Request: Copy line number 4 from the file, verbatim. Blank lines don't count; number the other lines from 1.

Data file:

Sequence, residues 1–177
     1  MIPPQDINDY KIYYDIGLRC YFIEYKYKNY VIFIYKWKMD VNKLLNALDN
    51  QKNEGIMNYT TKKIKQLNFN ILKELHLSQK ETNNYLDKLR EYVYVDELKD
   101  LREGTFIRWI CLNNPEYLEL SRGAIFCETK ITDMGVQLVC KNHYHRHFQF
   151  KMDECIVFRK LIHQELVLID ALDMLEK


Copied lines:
   101  LREGTFIRWI CLNNPEYLEL SRGAIFCETK ITDMGVQLVC KNHYHRHFQF